We woke up at 4:45 because Justin forgot to turn off the alarm from the day before. We eventually got back to sleep, but it would have been nice to get 8 solid hours for once. After waking up for good, we packed, then checked out, then got breakfast with Dewey and Clarita. We met Syed again, but it was unclear why he was there to walk us 50 feet to the van when Prashant was there as well. We drove through town for a bit, then stopped at an inlay maker, Akbar International. They employ the family members of the folks who originally constructed the inlaid semi-precious stones in the Taj Mahal. Over time, those original workers passed down their technique to their future generations, but it is slowly but surely becoming a lost art. At a high level, what is done is they grind semi-precious stones down, then chisel away that depth in marble (2.5-3.5mm usually). Then they glue the stones in, making it permanent. No one knows how the glue works, like Coca-Cola. The problem is that very few people participate in inlay, so if one doesn't have a kid who is interested, or gets hit by a bus, there is no one to replace them

We shopped around for quite a bit, and bought a couple of small things. We then drove out of Agra towards Jaipur, with a stop in Fatehpur Sikri. On the drive towards Fatehpur Sikri, Prashant told us about arranged marriage process in India, and his particular story. There were 30 applicants to marry him, but they had wrong horoscope. His family finally found an applicant that had an appropriate horoscope, but her father didn't like Prashant's job. So the process continued, until the woman's daughter came back 2 years later, noting that his daughter and Prashant weren't getting any younger and were both "on a downward trajectory." It all worked out, as Prashant is now happily married, with 9 and 6 year olds. Prashant indicated that 95% of the people have arranged marriages, and that 95% leads to 1% divorce (i.e., 1 in 95 gets divorced), while the other 5% leads to 1% divorce (i.e., 1 in 5 gets divorced). This is a pretty startling statistic, but it can be somewhat explained by the fact that in an arranged marriage, not only to the participants have a vested interest in making it work, so do the respective families, because they were involved in the process.

On the way out of town, we saw a lady crossing the street fall straight down, as if she was a statue falling off the back of truck. She must have fainted, as she was carrying heavy bags of grain and it was over 110 again. Thankfully no one ran her over after she fell, and a lot of people immediately rushed to her aid, including Prashant who brought her some water. She had some bruises and scrapes on her face, but seemed like she'd be okay. If anything, it was hotter at Fatehpur Sikri. The city was founded in 1569 by the Mughal emperor Akbar, and served as the capital of the Mughal Empire from 1571 to 1585. Akbar was having trouble conceiving, met the Sufi saint Salim Chishti in Fatehpur Sikri who helped him, so Akbar moved capital thereafter. But after roughly a dozen years, the area was abandoned in 1585 due to a lack of water and also the nearby areas being in turmoil. In fact, Akbar didn't even return to the city except for one brief period in 1601.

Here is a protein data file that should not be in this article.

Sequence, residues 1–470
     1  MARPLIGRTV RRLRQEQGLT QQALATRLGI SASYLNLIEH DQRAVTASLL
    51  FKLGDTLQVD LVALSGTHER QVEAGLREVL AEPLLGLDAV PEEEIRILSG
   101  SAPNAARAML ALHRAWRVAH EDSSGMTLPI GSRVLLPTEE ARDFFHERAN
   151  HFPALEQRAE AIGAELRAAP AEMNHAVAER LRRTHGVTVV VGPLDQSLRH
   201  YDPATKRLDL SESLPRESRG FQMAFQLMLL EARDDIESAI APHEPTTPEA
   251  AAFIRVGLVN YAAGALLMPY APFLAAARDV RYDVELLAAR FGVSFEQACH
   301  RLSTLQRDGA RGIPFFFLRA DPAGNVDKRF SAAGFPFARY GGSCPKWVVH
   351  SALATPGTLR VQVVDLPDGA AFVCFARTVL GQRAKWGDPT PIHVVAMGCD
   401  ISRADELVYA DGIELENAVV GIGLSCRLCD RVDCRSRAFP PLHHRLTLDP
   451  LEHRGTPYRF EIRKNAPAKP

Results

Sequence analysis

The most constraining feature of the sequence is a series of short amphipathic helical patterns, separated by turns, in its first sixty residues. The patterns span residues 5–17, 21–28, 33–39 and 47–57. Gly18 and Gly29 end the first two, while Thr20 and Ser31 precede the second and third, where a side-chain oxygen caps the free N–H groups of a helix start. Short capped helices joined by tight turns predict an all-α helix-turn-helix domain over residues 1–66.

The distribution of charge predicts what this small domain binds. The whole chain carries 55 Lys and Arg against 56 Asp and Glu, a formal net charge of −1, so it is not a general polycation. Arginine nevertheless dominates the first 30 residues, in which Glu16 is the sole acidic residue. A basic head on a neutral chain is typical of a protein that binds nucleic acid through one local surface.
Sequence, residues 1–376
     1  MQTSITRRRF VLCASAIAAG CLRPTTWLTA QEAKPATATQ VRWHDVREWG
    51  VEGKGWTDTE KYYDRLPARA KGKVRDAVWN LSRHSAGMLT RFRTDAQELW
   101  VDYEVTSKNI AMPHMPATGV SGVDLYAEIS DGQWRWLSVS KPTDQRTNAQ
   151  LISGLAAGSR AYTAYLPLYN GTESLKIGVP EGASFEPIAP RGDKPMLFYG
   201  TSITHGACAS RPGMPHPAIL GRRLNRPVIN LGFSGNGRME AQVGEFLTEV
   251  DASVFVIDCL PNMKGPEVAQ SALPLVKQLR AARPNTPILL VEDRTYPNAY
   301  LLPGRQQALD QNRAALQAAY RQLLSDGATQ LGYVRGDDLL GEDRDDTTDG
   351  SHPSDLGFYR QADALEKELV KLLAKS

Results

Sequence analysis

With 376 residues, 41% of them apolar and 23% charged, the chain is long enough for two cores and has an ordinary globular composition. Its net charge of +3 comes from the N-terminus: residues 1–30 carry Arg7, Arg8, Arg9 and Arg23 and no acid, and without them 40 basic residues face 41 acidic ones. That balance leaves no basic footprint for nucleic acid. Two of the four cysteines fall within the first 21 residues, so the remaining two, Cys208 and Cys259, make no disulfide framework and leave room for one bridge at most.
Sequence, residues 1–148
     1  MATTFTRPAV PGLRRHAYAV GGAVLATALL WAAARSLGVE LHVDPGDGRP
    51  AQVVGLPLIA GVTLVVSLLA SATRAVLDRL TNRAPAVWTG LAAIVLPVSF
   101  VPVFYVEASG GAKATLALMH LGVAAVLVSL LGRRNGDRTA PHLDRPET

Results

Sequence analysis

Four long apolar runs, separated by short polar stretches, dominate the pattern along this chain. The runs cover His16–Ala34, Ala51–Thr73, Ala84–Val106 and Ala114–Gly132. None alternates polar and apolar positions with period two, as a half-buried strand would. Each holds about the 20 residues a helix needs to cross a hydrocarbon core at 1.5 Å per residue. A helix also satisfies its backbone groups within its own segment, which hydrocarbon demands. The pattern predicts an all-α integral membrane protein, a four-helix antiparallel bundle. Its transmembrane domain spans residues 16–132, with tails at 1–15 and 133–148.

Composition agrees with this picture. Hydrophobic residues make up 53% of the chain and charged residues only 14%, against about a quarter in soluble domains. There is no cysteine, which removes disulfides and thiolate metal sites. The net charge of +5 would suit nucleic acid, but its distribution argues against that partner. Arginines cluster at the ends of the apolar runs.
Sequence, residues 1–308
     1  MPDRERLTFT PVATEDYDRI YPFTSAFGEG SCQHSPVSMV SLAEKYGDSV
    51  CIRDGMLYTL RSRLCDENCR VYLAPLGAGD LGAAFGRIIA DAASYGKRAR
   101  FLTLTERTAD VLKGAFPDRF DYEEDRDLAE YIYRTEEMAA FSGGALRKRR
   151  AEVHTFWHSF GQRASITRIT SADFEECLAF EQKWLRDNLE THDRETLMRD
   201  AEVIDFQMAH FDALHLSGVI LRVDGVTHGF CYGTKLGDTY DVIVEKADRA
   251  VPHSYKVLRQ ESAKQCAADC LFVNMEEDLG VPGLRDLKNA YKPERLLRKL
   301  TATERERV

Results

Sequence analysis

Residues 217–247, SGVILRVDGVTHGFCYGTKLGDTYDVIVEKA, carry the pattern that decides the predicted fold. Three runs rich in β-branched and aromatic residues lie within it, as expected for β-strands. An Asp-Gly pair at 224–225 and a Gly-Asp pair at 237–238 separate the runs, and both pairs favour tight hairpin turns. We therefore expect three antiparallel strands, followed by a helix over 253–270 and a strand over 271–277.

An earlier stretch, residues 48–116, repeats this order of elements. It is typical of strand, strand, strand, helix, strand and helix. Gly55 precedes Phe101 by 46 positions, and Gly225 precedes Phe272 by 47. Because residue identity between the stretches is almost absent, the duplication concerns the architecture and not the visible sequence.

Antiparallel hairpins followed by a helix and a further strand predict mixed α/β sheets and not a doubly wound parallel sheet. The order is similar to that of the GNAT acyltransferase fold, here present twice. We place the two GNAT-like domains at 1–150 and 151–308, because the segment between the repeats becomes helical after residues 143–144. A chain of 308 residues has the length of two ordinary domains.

Because it was basically abandoned for such a long time, it is in great condition. The buildings are all carved sandstone, this time not as a facade but as the actual structure. Inside, there are 4 main buildings, one for Akbar and one for each of his 3 wives - one Turkish, one Portugese, one Indian (from Rajastan). We walked around the various buildings and courtyards for around 60-90 minutes. When we left, Prashant went back to Agra and we continued on (in the same van) to Jaipur. But before we got too far, we went to some restaurant about 5-10 minutes off the main road, about 40 minutes from Fatehpur Sikri. Lunch was very good, and dessert was basically a "donut soaked in sugar water." We all slept for varying times on the way to Jaipur, Crystal for most of the way, Justin for about 20 minutes.

We got to Jaipur around 5:15; technically, we got to the outskirts, on the eastern edge of town. The hotel was in an amazing location on rolling hills, with lots of flowering trees, super quiet, way nicer than the place in Agra, Taj Mahal or not. It looked like it might rain, but it never did. We met BP, who told us the itinerary for the next couple days. We got situated in our rooms, and caught up on the trip log. Then we spent a good deal of time packing our stuff to make sure it would fit for the flights home. We'd been driving everywhere, and so we could just put stuff wherever in our bags, but it would be different for the planes, particularly since the first flight would have the stringent 7kg limit on the carry-ons. We got everything pretty close, and everything fit except for some of the stuff we'd gotten at the inlaid marble place in the morning. We found that the largest piece was pretty well packed in foam, so we put it in one of the checked luggage bags and then everything fit and was within (or very close to) the weight limits. We went to the bar, and outside the room were some incredibly loud birds, probably hundreds of them, very excited about something. We played uno in the bar for awhile, then went to dinner, and then back to the room and to sleep.